Students of today work as hard as our parents did

There is no evidence to suggest that as a generation we’re lazier, less intelligent or less aspirational than our parents, yet we're the first generation to be worse off than them

In a year leading up to a general election, the stakes could not be higher for the UK’s seven million students.

When I was growing up, it was an accepted truth that if you worked hard, went to school, did everything you were supposed to do, you’d get a job. Coming from an ex-mining town in a rural area (Camborne in Cornwall), that might not have been the career that many people were looking for, but nonetheless a job that would help you to achieve a reasonable standard of living and support a family. Now, for many, even that is out of reach.

In an era of government attacks on young people’s futures – the trebling of tuition fees, the scrapping of both the education maintenance allowance and the Future Jobs Fund – we find that the blame is somehow being levelled at young people. We are blamed by the government for being lazy, by businesses for not being “work-ready”.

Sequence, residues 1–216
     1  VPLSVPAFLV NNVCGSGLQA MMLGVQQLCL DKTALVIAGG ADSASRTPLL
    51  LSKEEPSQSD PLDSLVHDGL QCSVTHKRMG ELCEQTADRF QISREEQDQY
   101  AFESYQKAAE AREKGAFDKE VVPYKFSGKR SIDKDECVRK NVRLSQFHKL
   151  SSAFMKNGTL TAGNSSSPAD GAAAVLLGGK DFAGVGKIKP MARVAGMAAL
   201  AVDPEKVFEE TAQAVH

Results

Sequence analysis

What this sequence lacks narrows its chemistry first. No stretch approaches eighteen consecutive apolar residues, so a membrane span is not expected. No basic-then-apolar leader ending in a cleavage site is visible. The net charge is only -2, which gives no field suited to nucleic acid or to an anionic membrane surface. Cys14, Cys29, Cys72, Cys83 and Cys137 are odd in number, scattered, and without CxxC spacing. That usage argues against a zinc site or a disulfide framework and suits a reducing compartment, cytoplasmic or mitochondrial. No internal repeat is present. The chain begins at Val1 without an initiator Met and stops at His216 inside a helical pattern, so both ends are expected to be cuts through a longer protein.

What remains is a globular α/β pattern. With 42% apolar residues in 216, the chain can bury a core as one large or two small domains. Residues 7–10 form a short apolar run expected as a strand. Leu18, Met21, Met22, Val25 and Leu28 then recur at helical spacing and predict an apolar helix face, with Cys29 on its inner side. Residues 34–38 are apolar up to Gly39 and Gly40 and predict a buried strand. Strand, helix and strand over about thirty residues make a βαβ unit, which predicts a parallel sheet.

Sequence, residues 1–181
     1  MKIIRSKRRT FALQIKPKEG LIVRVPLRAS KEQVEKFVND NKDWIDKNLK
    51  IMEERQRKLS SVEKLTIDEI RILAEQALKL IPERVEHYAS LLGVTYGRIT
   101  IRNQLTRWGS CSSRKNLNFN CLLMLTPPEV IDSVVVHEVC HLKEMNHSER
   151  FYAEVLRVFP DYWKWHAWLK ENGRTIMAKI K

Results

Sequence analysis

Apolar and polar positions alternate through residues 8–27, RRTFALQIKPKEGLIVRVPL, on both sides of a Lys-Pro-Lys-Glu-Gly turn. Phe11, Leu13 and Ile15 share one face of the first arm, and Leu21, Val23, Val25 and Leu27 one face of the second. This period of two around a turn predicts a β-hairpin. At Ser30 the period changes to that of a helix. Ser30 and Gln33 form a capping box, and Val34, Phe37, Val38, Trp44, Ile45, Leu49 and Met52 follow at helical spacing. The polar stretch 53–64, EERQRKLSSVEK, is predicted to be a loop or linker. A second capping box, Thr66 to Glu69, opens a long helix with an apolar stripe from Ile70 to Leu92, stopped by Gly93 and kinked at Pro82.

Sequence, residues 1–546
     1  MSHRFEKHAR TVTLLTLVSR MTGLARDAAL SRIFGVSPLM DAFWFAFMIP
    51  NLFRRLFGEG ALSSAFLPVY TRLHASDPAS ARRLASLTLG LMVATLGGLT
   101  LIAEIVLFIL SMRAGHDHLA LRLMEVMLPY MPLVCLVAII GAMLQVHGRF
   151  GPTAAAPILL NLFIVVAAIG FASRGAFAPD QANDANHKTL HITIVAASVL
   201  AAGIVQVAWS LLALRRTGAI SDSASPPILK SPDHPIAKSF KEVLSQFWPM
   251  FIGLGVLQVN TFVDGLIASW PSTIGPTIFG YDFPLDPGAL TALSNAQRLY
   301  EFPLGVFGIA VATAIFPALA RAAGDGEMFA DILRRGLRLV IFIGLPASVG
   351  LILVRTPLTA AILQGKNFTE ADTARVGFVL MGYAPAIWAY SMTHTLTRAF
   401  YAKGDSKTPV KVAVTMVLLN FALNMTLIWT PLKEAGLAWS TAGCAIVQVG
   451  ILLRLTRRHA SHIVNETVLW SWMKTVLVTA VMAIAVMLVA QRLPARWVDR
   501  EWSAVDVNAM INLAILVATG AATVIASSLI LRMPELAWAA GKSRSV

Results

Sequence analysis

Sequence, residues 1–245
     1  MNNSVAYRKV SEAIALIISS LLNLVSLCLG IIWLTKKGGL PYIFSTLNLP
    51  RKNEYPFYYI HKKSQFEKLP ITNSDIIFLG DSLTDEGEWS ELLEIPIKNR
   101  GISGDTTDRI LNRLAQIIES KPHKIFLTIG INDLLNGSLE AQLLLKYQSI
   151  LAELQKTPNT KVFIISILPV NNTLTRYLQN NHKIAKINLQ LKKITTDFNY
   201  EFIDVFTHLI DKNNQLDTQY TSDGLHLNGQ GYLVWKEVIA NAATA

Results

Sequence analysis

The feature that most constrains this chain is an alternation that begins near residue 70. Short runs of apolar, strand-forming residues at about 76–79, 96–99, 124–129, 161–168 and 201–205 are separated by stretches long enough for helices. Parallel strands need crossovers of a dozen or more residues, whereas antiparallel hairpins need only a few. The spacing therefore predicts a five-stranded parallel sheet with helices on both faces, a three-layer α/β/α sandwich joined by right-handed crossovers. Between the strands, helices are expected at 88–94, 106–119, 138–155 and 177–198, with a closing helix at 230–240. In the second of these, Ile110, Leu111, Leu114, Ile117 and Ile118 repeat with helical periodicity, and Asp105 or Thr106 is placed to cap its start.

There is no evidence to suggest that as a generation we’re lazier, less intelligent or less aspirational than our parents, and yet we bear the distinction of being the first generation in history to be worse off than them.

I was yesterday elected for a second term as President of NUS at the national conference in Liverpool. I’ll do everything I can to fight for a new deal for the next generation. That means winning a new deal for education: a single, publicly-funded education system.

Read more: Most students will still have debt into their 50s

We will also campaign for student support that actually covers the cost of living. Students’ unions are being forced to open food banks.

It means forging a new deal for work, turning “solidarity” into practice by working with trade unions on issues of mutual concern to our members: graduate unemployment, zero-hours contracts and poverty pay for apprentices, for whom the minimum wage is £2.68 an hour.

In the 393 days until the general election, we need to try to register every student to vote when they enrol at college or university, lest this generation be silenced. If students are to be a force too powerful to ignore come polling day, it is a future that we have to fight for.

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